There are dozens of interviews in the files with Secret Service agents and police officers. Wallace's path for the day can be traced through the interviews and interesting details about his security are revealed.
A few hours earlier, Wallace had spoken to a hostile crowd at Wheaton Plaza. His segregationist views ignited the crowd into throwing tomatoes and cursing the candidate. Secret Service agent Lawrence Dominguez was assigned to the Wallace protective detail. In his interview, he recalled the Wheaton rally: "During the governor's speech, he was constantly interrupted by demonstrators who vocally attempted to drown him out. Officer E.C. Dothard [who would be shot later in the day by Bremer] blocked a tomato which was thrown directly at the Governor … an orange was thrown which missed the Governor by one foot … there had been eggs thrown at the platform prior to our arrival."
The Wheaton rally put the security detail on edge. No one knew Bremer had been there stalking Wallace and left afterward for Laurel. It's interesting that even trained police had a difficult time describing the nondescript Bremer. One of the Alabama state troopers told his interviewer that Bremer "looked like an albino."
Wallace arrived in Laurel ahead of schedule, so he rested and lunched in Room 502 at the Howard Johnson hotel on Route 1. After lunch, according to the News Leader, his wife, Cornelia Wallace "had her hair coiffed by Edward at Montgomery Ward beauty salon" in the Laurel Shopping Center.
After the Wheaton rally, police records show that the security detail was on the lookout in Laurel for potential troublemakers, particularly "hippies." Secret Service agent Thomas Stevens, in his police interview, recalled that the detail met "at the Hot Shoppes Restaurant in the Laurel Shopping Plaza [sic]" to arrange "for the manpower we would need" for the Laurel appearance. Hippies were mentioned more than a few times in police interviews as a matter of concern. Agent Roger Warner said he noticed that "two hippie-types were of an usually rough appearance that attracted my interest." Agent James Mitchell "had a conversation … regarding hippies" and "walked around to the other side of the stage and observed some hippies."
Apparently the Secret Service was so concerned that they tried to convince Wallace to cancel his Laurel appearance. In fact, Wallace told the New York Times in 1975 that "he ignored Secret Service advice not to appear at the Maryland shopping center rally where he was shot while campaigning in 1972."
The Prince George's police file contains riveting recollections of the officers who were near Wallace when the shooting started. The coolness under fire and ability to remain professional in such a chaotic and dangerous environment is remarkable.
Agents Mitchell and Ralph Peppers were among the first to get to Bremer. Mitchell recalled that he "turned and saw a hand with a weapon in it. …I lunged and/or hit and pulled the assailant by the back of the neck and pulled him toward me and the ground ... I fell or jumped with my knees on his back." Peppers described how he "pushed him down to the ground" and "held his head to the ground, but his face was turned partially to one side. I did this to subdue him."
Laurel Police Lt. Archie Cook and Secret Service agent William Breen both shielded Wallace with their own bodies to prevent any further shooting. In his book "Brass Buttons and Gun Leather, A History of the Laurel Police Department," author and former Laurel police Sgt. Rick McGill interviewed Cook, who died in March. Cook recalled that Laurel police officers Milan Shegan and J.D. Ervin were also on plain clothes duty at the Wallace rally. According to Cook, Shegan also shielded Wallace. McGill described what happened next: "Wallace saw Cook's pistol in his belt holster and thought he was the shooter until he identified himself as a Laurel policeman. Wallace asked Cook how bad he was hit. Cook could see the blood but told him he'd be okay."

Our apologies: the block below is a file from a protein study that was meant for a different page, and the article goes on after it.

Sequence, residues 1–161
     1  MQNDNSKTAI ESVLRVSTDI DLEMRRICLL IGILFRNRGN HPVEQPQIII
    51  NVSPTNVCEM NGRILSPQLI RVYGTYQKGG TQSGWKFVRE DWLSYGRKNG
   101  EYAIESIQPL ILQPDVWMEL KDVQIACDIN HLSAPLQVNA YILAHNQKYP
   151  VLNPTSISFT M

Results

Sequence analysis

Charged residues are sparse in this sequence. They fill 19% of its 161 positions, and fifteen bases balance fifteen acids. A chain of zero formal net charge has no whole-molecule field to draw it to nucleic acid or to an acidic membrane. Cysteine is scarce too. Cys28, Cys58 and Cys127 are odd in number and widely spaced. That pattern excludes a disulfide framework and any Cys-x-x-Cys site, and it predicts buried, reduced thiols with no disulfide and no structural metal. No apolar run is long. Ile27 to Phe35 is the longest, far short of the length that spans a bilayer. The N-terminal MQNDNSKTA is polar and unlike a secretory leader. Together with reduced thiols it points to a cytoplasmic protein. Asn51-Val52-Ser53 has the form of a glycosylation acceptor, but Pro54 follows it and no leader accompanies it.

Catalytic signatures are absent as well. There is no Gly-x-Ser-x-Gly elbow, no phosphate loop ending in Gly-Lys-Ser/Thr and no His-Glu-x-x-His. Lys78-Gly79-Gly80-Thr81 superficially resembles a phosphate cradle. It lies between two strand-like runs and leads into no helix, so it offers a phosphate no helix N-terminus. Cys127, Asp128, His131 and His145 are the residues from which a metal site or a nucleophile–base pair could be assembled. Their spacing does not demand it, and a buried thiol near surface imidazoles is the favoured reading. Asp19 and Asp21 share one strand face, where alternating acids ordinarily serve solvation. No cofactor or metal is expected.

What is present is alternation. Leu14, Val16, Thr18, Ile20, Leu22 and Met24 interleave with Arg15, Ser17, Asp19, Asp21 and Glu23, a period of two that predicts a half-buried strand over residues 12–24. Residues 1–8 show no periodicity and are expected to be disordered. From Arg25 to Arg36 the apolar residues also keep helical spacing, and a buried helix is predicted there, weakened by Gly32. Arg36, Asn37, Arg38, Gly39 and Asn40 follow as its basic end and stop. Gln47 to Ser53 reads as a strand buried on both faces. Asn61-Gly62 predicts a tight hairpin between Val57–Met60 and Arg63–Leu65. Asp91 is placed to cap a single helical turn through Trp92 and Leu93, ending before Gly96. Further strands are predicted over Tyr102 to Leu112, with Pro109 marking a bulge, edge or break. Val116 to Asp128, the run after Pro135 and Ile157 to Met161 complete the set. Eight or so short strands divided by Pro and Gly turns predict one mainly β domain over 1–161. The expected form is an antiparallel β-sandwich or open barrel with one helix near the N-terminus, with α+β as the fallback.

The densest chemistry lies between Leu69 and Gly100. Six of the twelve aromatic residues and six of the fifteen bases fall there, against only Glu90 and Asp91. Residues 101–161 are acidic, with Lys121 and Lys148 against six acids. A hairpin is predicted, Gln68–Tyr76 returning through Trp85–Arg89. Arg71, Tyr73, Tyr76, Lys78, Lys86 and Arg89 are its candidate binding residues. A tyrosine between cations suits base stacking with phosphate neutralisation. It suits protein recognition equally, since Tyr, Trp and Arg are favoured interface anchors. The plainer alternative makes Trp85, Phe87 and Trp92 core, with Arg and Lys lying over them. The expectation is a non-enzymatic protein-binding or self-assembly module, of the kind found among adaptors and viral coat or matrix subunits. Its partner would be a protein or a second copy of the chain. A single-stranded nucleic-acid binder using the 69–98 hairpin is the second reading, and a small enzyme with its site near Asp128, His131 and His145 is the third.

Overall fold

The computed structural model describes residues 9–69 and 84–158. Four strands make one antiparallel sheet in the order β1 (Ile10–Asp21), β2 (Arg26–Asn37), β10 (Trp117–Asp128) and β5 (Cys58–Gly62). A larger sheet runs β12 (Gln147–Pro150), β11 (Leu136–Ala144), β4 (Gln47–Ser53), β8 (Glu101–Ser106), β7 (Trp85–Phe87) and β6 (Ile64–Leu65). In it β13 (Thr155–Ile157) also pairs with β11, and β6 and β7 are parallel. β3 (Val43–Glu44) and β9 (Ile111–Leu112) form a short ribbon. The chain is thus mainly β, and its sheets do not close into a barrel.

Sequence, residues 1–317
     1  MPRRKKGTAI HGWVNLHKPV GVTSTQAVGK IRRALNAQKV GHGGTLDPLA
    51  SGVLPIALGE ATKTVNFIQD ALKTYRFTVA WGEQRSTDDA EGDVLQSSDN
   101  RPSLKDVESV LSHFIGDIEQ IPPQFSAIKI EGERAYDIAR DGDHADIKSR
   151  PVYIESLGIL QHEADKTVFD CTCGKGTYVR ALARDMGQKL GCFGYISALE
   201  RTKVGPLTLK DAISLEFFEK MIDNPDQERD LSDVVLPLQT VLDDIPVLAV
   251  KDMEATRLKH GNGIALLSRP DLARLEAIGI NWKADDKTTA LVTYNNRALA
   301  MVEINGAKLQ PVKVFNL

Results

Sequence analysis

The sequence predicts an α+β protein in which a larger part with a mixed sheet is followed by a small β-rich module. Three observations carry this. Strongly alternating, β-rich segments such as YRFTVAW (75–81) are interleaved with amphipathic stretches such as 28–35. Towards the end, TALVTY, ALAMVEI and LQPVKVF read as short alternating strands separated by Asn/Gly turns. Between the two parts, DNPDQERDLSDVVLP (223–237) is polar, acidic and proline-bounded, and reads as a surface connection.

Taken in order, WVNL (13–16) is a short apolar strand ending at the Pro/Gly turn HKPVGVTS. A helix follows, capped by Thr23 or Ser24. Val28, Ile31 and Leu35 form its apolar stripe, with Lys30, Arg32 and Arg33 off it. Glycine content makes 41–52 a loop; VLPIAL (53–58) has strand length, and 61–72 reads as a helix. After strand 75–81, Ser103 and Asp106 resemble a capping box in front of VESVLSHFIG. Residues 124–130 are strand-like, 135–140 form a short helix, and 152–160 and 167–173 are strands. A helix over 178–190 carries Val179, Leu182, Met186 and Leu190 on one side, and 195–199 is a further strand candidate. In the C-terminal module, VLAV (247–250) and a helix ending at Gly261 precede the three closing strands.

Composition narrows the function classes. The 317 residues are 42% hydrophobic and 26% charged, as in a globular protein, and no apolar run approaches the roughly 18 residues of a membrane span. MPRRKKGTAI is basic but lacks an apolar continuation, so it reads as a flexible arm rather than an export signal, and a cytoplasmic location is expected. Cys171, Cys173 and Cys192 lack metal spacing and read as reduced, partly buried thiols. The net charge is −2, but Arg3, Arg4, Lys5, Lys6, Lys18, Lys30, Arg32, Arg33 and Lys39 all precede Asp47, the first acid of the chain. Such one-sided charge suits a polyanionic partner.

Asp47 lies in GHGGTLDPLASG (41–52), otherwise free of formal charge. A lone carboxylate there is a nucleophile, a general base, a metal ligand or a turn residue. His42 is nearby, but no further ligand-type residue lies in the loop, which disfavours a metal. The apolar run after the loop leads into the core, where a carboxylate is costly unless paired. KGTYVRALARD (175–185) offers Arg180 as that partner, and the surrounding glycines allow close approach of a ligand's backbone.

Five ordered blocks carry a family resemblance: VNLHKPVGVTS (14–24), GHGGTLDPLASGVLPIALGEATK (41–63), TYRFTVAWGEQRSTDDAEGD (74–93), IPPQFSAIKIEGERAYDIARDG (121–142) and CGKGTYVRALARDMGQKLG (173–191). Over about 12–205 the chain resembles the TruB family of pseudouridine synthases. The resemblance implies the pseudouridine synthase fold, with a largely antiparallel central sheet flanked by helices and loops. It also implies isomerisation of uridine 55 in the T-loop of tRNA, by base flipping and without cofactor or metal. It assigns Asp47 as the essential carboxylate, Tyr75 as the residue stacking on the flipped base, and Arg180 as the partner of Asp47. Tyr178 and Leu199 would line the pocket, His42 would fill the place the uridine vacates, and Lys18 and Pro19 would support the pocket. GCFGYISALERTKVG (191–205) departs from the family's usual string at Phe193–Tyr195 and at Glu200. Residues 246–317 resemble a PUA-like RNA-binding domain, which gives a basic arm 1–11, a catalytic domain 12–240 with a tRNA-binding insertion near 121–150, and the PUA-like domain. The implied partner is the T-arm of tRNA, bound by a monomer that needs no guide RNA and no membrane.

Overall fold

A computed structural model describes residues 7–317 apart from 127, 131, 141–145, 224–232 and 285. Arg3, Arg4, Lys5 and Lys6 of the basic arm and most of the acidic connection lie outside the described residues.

Secret Service agent Robert Innamorati was right behind them and recalled "I saw a pistol on the ground within reaching distance of the suspect. I immediately stood on the weapon; after several seconds, I decided to secure the weapon to avoid loss of it to the crowd." When he relinquished custody of the gun for safekeeping he noted on the report, "butt of pistol had a pasted-on decal of happy face."
The chaos of the day was described in an interview with Barbara Luber of the Laurel Volunteer Rescue Squad, which responded to the emergency within two minutes. "We attempted to take the blood pressure; but with all the people on the ambulance and all of the noise it was impossible. There were two agents in the front with the driver and there were two more agents, a press secretary, and Mrs. Wallace in the back, as well as myself, Duckworth, and Fiedler [LVRS paramedics]. … It was very crowded. We had a very hard time using our equipment due to the crowded conditions we were working under." When asked if the crowd in the ambulance prevented "effective treatment of Mr. Wallace," Luber responded "Yes, they did not mean to, but they interfered. All they were concerned with was hurrying Mr. Wallace to the hospital."
The files contain hundreds of police photos. Mixed in with the Laurel Shopping Center investigation are a series of photos taken at the Wheaton rally earlier in the day by BeBe Bailey, publisher of the Wheaton News. The crowd scenes from Wheaton and Laurel are in stark contrast. Wheaton had many protesters holding signs, such as "Remember Selma" and "Wallace for President, Hitler for Vice-President." The Laurel crowd looked to be much more supportive and attentive.
The police were meticulous in photographing everything, from the scene before the shooting to every piece of evidence uncovered in the investigation. All of the clothes worn by the four people shot by Bremer — Wallace, Zarvos, Dothard, and Dora Thompson, a Wallace campaign worker — and removed for surgery are also in the photos. There is a series of photos showing Bremer's car at the shopping center, being dismantled for searching, and then reassembled.
Bremer was convicted in August 1972 and sentenced to 53 years in prison. He ended up serving 35 years at the Maryland Correctional Institution at Hagerstown and was released early in 2007 for good behavior. Upon his release, Newsweek quoted forensic psychiatrist Park Dietz as saying "no assassin has ever been freed from custody in the United States." The magazine also described Bremer as he walked out of prison. "Gone were the blond head of hair and eerily cemented smile; now 57, Bremer is balding and paunchy, with a long, grey beard. … 'Arthur Bremer is alone,' says a Maryland corrections spokesman. 'He has no one.' "
History Matters is a monthly column rediscovering Laurel's past. Contact Kevin Leonard at email@example.com or 301-776-9260.